Doklam’s Big Picture: Neither Asia nor the World is China-Centric Shyam Saran Updated: 29 July, 2017 12:15 PM IST 1.2k Engagement0       India is in a prolonged standoff with Chinese forces on the Doklam plateau. China may have been caught off guard after Indian armed forces confronted a Chinese road-building team in the Bhutanese territory. Peaceful resolution requires awareness of the context for the unfolding events. China has engaged in incremental nibbling advances in this area with Bhutanese protests followed by solemn commitments not to disturb the status quo. The intrusions continued. This time, the Chinese signalled intention to establish a permanent presence, expecting the Bhutanese to acquiesce while underestimating India’s response. Managing the China challenge requires understanding the history of Chinese civilisation and the worldview of its people formed over 5,000 years of tumultuous history. Caution is required before mechanistically applying

India in one picture: This is real India:

This is real India . A CRPF jawan stands guard while a J&K Police man offers Namaz in #Kashmir. Brothers in arms! 🇮🇳

We’re the 99% and we’re not so united by Serge Halimi   Water boils at 100°C; that’s certain. But there’s little point expecting the behaviour of societies to conform to the laws of physics. That 1% of people command the majority of the world’s wealth does not mean that the 99% are a cohesive social group, still less a political force at boiling point. The 2011 Occupy Wall Street movement was built around an idea and a slogan: ‘We are the 99% that will no longer tolerate the greed and corruption of the 1%.’ Studies just before it happened showed that almost all of the gains from an economic upturn had gone to the US’s wealthiest 1%. This wasn’t a historical aberration or a national exception. Almost everywhere a similar outcome has consistently been encouraged by government policy. In France, the tax plans of President Macron will largely benefit ‘the richest 280,000 households ... whose assets are mainly in the form of financial investments and business shares’ ( 1 ). Does tha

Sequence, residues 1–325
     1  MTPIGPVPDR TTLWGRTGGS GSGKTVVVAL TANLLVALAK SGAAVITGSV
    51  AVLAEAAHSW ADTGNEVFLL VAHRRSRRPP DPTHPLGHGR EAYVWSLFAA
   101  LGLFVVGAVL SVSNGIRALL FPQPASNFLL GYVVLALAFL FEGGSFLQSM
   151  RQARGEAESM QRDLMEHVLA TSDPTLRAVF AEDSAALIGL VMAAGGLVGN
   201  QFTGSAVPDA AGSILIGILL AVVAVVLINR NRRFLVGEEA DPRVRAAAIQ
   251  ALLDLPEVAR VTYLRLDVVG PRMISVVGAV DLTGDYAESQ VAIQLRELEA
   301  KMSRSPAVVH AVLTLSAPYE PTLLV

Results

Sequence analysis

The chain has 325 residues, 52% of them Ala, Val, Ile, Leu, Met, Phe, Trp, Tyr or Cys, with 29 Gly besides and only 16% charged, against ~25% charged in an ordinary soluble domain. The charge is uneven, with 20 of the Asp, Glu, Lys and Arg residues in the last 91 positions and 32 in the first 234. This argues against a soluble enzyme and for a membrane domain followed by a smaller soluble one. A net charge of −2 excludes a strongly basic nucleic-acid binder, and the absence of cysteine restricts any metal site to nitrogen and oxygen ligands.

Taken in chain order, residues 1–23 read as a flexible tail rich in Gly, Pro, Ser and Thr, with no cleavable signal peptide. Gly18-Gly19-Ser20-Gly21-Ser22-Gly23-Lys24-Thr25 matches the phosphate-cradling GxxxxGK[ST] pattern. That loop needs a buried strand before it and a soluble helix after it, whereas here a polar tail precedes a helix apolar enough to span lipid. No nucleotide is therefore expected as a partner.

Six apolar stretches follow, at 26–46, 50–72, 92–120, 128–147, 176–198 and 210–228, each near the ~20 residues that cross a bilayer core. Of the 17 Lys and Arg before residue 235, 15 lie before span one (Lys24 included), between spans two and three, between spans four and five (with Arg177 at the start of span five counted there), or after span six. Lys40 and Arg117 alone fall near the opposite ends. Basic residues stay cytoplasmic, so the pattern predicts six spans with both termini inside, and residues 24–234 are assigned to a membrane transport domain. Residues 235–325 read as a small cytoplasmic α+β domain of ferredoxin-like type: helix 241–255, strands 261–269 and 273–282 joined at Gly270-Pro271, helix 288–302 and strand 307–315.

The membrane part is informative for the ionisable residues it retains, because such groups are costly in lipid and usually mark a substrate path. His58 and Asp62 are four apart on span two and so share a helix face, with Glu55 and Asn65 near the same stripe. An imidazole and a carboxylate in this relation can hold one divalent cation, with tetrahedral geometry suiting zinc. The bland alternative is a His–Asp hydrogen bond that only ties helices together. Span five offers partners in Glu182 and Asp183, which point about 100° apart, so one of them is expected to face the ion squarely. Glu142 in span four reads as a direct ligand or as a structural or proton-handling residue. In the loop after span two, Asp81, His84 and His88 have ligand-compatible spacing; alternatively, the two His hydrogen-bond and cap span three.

WATER AND U.S. NATIONAL SECURITY By  Peter Gleick  June 15, 2017 The failure to address water problems through diplomacy will lead to new and growing security risks, including for the U.S. Around 2500 BC, Urlama, the King of the city-state of Lagash, diverted water from boundary irrigation canals between the Tigris and Euphrates rivers to deprive a neighboring region, Umma, of water. This act, in a region corresponding to parts of modern day Iraq, Syria, and southern Turkey, was the first recorded political and military  dispute  over water resources. Four and a half millennia later, water remains an instrument of coercion and a source of tensions and conflict. The Islamic State has reportedly used water as a weapon,  depriving communities  in Mosul of access to a water supply, and  control over water facilities  has been used repeatedly, worsening access to safe water for civilian populations. Fresh water has long been a vital and necessa

HOW TO WIN AN ARGUMENT IN THE PENTAGON By  Theodore Zagraniski  June 28, 2017 How do action officers (or anyone below the executive level) get their principal’s priorities on a final list of recommendations for the Secretary of Defense’s approval? Faithfully, even forcefully, presenting the message is not enough. You can learn a lot about an institution by listening to its arguments. Not so long ago, a disagreement in the Pentagon ended something like this: “We have to do this my way,” a combatant commander’s action officer said. “This is what my four-star wants as the supported commander.” “That’s interesting,” a Joint Staff representative replied. “But everybody here works for a four-star.” The matter was not decided in the combatant command’s favor. This vignette might be taken as evidence of bureaucratic obstinacy. The combatant command’s request appears to have been dismissed out of hand. However, one might also say this argument is an example